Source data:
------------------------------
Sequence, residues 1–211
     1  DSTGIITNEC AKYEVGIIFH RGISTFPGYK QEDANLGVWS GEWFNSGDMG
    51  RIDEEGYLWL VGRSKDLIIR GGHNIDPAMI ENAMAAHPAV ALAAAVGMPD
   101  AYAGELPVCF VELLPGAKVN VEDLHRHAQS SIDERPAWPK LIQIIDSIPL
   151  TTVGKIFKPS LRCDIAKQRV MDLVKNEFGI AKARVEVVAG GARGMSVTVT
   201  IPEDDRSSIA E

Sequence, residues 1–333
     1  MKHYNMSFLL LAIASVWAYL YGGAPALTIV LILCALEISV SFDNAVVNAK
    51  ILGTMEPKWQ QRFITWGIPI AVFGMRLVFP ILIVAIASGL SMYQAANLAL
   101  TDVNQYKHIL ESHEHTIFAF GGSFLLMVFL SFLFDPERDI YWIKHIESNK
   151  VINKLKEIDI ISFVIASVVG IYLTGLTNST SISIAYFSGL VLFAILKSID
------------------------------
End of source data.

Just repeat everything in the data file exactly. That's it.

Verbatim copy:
Sequence, residues 1–211
     1  DSTGIITNEC AKYEVGIIFH RGISTFPGYK QEDANLGVWS GEWFNSGDMG
    51  RIDEEGYLWL VGRSKDLIIR GGHNIDPAMI ENAMAAHPAV ALAAAVGMPD
   101  AYAGELPVCF VELLPGAKVN VEDLHRHAQS SIDERPAWPK LIQIIDSIPL
   151  TTVGKIFKPS LRCDIAKQRV MDLVKNEFGI AKARVEVVAG GARGMSVTVT
   201  IPEDDRSSIA E

Sequence, residues 1–333
     1  MKHYNMSFLL LAIASVWAYL YGGAPALTIV LILCALEISV SFDNAVVNAK
    51  ILGTMEPKWQ QRFITWGIPI AVFGMRLVFP ILIVAIASGL SMYQAANLAL
   101  TDVNQYKHIL ESHEHTIFAF GGSFLLMVFL SFLFDPERDI YWIKHIESNK
   151  VINKLKEIDI ISFVIASVVG IYLTGLTNST SISIAYFSGL VLFAILKSID